There are four PCBs inside the multimeter case – the display board, the actual 'Probe, a button mount, and a 7805 regulator. The reason I used a ‘modular’ approach is for ‘upgradeability’. Yeah, yeah, don’t laugh! I’ll tell you how ‘upgradeable’ this device is – I plan to replace the just PCBs with just one, which integrates everything. But until the time I actually design and etch the integrated PCB (I use the toner-FeCl3 method, and I no longer have access to a good laser printer) I would like to tinker and test the individual circuits. Each time I fiddle with a certain sub-circuit, and I wouldn’t want to build a completely new 'Probe.
The PCB wrapped up in red electrical tape is the 7805. The tape was necessary to prevent shorting. In the second pic, the crystal, wrapped in black electrical tape (also to prevent shorting) is visible.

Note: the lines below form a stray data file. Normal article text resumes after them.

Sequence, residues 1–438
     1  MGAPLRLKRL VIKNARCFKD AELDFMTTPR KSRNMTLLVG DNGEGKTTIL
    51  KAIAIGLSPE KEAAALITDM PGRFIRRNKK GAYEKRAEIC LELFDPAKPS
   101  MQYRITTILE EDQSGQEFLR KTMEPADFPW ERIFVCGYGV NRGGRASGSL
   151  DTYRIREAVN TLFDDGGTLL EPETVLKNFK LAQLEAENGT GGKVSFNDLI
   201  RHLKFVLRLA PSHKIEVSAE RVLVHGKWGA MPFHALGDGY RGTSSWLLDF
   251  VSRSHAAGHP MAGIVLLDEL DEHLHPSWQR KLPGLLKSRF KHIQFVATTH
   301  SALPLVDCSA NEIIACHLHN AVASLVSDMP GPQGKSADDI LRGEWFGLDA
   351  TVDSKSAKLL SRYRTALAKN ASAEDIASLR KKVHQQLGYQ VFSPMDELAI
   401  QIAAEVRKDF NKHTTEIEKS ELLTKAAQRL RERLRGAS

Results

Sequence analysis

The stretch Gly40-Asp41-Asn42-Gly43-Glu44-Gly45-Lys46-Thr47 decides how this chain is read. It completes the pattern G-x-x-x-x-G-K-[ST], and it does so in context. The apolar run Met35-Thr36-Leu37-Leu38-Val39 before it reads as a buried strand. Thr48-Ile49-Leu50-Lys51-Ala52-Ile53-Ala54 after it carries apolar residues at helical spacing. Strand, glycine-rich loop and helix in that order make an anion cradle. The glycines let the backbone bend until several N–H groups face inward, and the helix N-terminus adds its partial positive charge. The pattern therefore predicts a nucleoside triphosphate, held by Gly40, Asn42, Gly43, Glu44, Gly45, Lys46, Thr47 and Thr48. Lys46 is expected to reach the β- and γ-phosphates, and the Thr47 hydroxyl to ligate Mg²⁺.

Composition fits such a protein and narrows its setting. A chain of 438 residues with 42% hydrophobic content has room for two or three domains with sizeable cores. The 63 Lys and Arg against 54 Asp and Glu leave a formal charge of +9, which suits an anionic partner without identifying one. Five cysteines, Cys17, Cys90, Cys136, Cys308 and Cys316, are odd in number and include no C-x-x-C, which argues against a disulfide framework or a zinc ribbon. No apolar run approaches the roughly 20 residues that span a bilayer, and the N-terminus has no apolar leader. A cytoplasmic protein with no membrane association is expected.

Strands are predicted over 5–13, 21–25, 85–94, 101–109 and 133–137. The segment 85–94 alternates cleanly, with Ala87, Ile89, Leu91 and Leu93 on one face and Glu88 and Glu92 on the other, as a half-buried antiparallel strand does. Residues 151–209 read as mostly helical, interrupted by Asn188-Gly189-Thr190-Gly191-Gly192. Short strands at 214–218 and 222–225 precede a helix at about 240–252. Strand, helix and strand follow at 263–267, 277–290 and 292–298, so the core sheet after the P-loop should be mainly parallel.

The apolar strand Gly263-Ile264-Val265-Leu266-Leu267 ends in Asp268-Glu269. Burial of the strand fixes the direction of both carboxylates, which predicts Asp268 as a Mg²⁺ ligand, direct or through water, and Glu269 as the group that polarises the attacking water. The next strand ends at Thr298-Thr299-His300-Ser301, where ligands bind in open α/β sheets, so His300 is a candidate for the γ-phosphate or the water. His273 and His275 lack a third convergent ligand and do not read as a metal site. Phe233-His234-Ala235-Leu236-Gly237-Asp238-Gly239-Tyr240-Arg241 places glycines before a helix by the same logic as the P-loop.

For example, tomorrow I’m going to swap out the power-hungry and inefficient 7805 regulator with the much nicer, and comparatively power-thrifty MAX1836 buck converter from Maxim. I’m currently running off a 9v PP3 battery. With the 7805, I’d get 5v on the output as long as the PP3 voltage is above 7v. Current draw by the circuit is 20mA peak and about 10mA average, so with 9v on the PP3, I’d lose across the 7805. With 7v, I’d lose 20mW.
Now, although this doesn’t seem like much, I could improve battery life tremendously by using a buck regulator which is near about 85-95% efficient. So I’d reduce the power lost across the regulator to about 8mW – a reduction in power loss of 80%. Another advantage of Maxim’s 1836 is that it allows me to run the PP3 down to 5.5v, and it will still give me a nominal 5v on its output.